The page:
It could be pressed into duty as a chair. Furthermore, the case won't try to sink its metal teeth into your waiting skin, nor will it pull the old "every time I opened it, I got it to close but it never looked the same again" trick that some cheap systems and cases are known for.
The case itself appears to have been made or at least sold by motherboard maker FIC. FPG makes about one of everything, and they're very proud of their naptha cracker.
The motherboard's origins are perhaps a bit less clear. VIA doesn't actually make anything of their own, though, so someone else built the board for them. The strongest hint of who that is would appear to come from the integrated Ethernet adapter's MAC address, which is registered to Gigabyte, a large and reasonably well respected motherboard maker.
However, various other companies also appear to retail the board, and the system BIOS points to a motherboard supplier whose name I have forgotten at this point.
And for now, at least, I can't be bothered to look it up again. It is worth noting that the motherboard has working fan speed control and hookups for several fans beyond the one provided with the CPU. You aren't likely to need that many fans, but you can plug them in if nothing else will do.
The power supply is an entirely respectable and probably honestly rated watt unit from HiPro. And there's a no-name Conexant-based modem in there too, if you need it. All of these things are fine for a system like this. The monitor is, as already mentioned, a 17 inch cheapie. These days, 17 inch monitors would probably come in cereal boxes as free giveaways if it wouldn't make the boxes bigger and cause anyone who happened to pick one up to be caught off guard by its weight.
You can't expect that it will be good for color-sensitive work, but home users should be able to get along with it just fine. I thought about tweaking it and made preparations to take the back cover off so I could see the focus control, only to discover that the monitor did not want to come apart AND that there was a doubtlessly-entertaining-to-replace-and-probably-fairly-sharp finely perforated metal cage around the electronics and picture tube.
The helpful man who answered the phone at Everex said I should just return the whole computer with the defective monitor to the store. When pressed a little by my saying that it had been too long to do that he said I should just ship the whole thing to Everex. I asked if they'd just send me a monitor, he said no.
I wasn't terribly surprised by this, and you shouldn't be either. Don't buy this computer if you want hand-holding, because I don't think you are going to get it. So I let that one monitor sit as a future project for some rainy day, and replaced it with a 19 inch Samsung Syncmaster flat panel display. That leaves the keyboard, mouse and speakers. Things start to go a little bit downhill here.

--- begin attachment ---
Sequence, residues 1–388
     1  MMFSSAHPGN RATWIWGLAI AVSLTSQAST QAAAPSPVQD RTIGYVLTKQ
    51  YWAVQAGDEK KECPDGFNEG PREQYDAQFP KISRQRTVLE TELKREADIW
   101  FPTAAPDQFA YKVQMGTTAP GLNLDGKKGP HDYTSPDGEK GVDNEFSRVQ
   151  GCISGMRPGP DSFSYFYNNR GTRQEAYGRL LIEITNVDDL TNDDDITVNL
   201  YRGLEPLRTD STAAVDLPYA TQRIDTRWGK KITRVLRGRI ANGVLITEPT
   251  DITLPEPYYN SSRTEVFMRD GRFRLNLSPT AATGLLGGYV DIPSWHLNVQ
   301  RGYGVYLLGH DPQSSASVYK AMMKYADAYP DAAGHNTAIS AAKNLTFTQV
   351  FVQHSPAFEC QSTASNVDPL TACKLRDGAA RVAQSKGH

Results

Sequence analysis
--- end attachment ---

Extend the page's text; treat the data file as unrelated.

The speakers are probably the best of the three items. They're not much, but they would be entirely tolerable to use with the occasional bits of sound and music that go along with some--well, the charitable phrase is "interestingly designed"--webpages.
And they plug into the wall to get power, so you won't be abusing a USB port if you really crank the speakers up. If you listen to music even semi-seriously, I suggest you invest in a better set of speakers. The motherboard's onboard sound system is quite capable and could drive even multi-speaker systems easily. I'm afraid that I'm biased against the keyboard from the start.
There's very little that can come close to the classic Model M if you like them, so this isn't even a fair fight. To be as honest as I can, the Everex GC's keyboard isn't terrible. It doesn't put important keys in funky places, isn't festooned with an array of useless buttons that bring up useless applications and doesn't try to make you type at a funny angle. It's just a cheap, quiet rubber dome type keyboard. You could do far worse. The mouse--well, you'd better just go ahead and buy one while you're in the store.
Editions for personal computers[ edit ] Windows Vista Starter Edition desktop, as denoted by the watermark on the bottom right corner. Windows Vista Starter Much like its predecessor, Windows XP Starter Edition , Windows Vista Starter was available in emerging markets ; it was sold across developing countries in 70 different languages it includes locale-specific desktop wallpapers not found in other editions . Microsoft did not make it available in developed technology markets such as the United States , Canada , the European Union , Australia , New Zealand , or other high income markets as defined by the World Bank. Windows Vista Starter can be installed from optical media including those belonging to other editions of the operating system. The Windows Aero graphical user interface with translucent glass and lighting effects is absent from this edition; however, desktop composition —albeit without Flip 3D or Live Thumbnails—is supported. Windows HotStart is also available.